Proctor, a U.S. Army veteran of the Iraq and Afghanistan wars, focuses on two aspects of American Vietnam War policy making in this long, detailed examination of why the U.S. greatly escalated the war in 1964 and why the war ended the way it did in 1975. His theory—which is not altogether new—is that President Johnson led the nation into the war by selling the American public on the simplistic and disingenuous idea that the U.S. had to stem the tide of advancing worldwide communism (containment), and that the antiwar movement’s attack on President Johnson’s and Nixon’s truthfulness in explaining their war-making strategies (credibility) was primarily responsible for ending the war. Proctor pays a good deal of attention to the 1964 Tonkin Gulf incident and the resulting congressional resolution that gave L.B.J. the authority to escalate the war. He sees L.B.J.’s actions as the ultimate presidential deception. What is new is Proctor’s sound conclusion that the Vietnam War containment and credibility framework has had a lasting influence on U.S. foreign policy. Today’s “War on Terror,” he says, is still being fought with a Cold War-era foreign policy ideology, which could be a recipe for “a century of costly and fruitless warfare across the globe.” (Dec.)
Library Journal
10/01/2016
Lieutenant Colonel Proctor (Task Force Patriot and the End of Combat Operations in Iraq), a veteran of the wars in Iraq and Afghanistan, details the events leading up to the Vietnam War and the change in strategy of war opponents. Proctor is careful to draw parallels among those events and more contemporary battles with ISIS and terrorism. In the 1960s, American politicians understood the desire to monitor the spread of communism. The 1964 Gulf of Tonkin incident was used by then president Lyndon Johnson to justify the Vietnam War. As the conflict continued, opponents switched from suggesting the United States refocus its efforts to contain communism to clearly attacking Johnson's credibility, namely that he lied about the events at the Gulf of Tonkin. Ongoing opposition to the war ultimately resulted in Richard Nixon's election in 1968. Proctor warns that the current ideology of Americans defeating terrorists abroad to prevent them from attacking U.S. soil could potentially lead to a century of unnecessary and violent warfare. VERDICT Military historians will find in this work a fresh take on the Vietnam War, as well as its warnings for current conflicts.—Jason L. Steagall, Gateway Technical Coll. Lib., Elkhorn, WI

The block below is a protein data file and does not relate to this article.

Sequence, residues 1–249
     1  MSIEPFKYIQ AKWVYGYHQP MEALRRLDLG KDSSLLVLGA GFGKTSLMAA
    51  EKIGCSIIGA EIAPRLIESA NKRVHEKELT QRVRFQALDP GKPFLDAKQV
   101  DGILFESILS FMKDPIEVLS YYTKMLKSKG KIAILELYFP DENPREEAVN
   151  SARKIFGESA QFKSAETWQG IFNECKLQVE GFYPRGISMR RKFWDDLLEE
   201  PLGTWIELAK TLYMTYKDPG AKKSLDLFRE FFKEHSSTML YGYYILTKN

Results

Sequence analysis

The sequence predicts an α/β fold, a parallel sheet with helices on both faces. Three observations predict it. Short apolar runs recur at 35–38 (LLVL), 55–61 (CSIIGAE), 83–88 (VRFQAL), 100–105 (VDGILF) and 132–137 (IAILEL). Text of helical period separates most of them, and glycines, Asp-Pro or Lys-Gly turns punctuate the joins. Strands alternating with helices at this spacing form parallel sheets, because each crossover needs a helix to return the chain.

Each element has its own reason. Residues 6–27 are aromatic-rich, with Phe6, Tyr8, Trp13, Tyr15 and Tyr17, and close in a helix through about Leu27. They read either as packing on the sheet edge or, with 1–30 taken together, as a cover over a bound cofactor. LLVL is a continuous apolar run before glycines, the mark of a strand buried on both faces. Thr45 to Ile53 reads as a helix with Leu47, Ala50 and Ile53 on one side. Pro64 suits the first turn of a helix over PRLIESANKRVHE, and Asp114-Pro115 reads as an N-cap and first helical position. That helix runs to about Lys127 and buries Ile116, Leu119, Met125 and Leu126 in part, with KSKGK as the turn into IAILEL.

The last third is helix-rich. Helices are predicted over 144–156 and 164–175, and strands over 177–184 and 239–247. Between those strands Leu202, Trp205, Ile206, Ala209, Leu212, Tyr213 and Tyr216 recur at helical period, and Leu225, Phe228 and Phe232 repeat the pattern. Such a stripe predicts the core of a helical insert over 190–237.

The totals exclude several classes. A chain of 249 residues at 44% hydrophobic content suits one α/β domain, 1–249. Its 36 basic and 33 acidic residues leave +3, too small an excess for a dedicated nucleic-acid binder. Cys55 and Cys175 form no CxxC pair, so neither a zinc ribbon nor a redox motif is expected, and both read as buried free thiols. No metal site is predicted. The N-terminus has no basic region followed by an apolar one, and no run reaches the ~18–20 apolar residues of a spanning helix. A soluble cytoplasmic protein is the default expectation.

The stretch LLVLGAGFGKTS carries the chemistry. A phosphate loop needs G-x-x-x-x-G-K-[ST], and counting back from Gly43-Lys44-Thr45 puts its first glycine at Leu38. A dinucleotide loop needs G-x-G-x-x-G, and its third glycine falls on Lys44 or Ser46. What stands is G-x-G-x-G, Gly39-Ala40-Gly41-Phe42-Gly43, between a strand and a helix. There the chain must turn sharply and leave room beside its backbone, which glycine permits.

Product Details

ISBN-13:
9781631440564
Publisher:
Carrel Books
Publication date:
11/22/2016
Pages:
532
Sales rank:
652,253
Product dimensions:
6.30(w) x 9.00(h) x 1.50(d)

Meet the Author


Lieutenant Colonel Patrick Proctor, PhD, is a US Army veteran of both the Iraq and the Afghanistan Wars with more than twenty-one years of service in command and staff positions. In 2009 he was operations officer for Task Force Patriot and is currently the battalion commander for the gunner battalion. He recently returned from Jordan and the front lines of the war with ISIS.

Customer Reviews

Average Review:

Post to your social network

     

Most Helpful Customer Reviews

See all customer reviews